Gene Keenan, VP-mobile services at Isobar U.S., eschewed the idea that mobile TV would make it big, claiming that people really want a shared experience when they watch TV.
No shared experiences
"It's hard for people to have that shared experience if they see this cool clip of Bugs Bunny on their phone last night," said Mr. Keenan. "Their friends are just going to stare at you in the face and go, 'Oh that's cool dude.'"
And Lori Schwartz, senior VP-director of emerging media at Interpublic's Emerging Media Lab, thinks the terminology of viral marketing is overhyped. "It should go back to being a medical term," she said.
MySpace was the topic to jumpstart a heated debate. Diane Hessen, president-CEO of Communispace, said she believes MySpace is on the decline with its safety risks and the creation of smaller tight-knit communities on the internet.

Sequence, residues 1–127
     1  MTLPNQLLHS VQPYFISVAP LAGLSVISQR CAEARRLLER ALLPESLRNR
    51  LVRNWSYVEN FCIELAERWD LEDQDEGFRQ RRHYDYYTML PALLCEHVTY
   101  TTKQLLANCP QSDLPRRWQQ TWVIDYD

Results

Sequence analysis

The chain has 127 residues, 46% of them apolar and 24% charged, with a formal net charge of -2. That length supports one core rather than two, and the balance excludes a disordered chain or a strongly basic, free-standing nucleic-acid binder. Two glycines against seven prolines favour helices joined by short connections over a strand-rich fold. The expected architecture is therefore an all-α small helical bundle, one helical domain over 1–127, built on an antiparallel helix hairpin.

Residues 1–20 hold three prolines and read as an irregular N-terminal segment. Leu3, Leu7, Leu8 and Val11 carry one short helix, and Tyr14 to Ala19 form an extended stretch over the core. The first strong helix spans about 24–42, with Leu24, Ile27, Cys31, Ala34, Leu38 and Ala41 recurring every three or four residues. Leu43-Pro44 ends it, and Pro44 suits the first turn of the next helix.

Easy, anonymous and sketchy
"If you're planning on creating a MySpace page, it's easy to create. It's anonymous," Ms. Hessen said. "If kids are younger and get on to Facebook, they'll think MySpace is sketchy." But with millions of users, Mr. Keenan argued, MySpace is "too big to fade away."
At one point, Ms. Schwartz chimed in, "Why can't we all love each other?" To which moderator Mike Chapman, editorial director at eMarketer, quipped, "Drinks later?"
Curt Hecht, senior VP-chief digital officer for GM Planworks, jumped in with a topic everyone could agree on -- that search will continue to be important in 2007, especially video search. This is an area, he predicted, where new players could unseat the status quo of Google-Yahoo-MSN.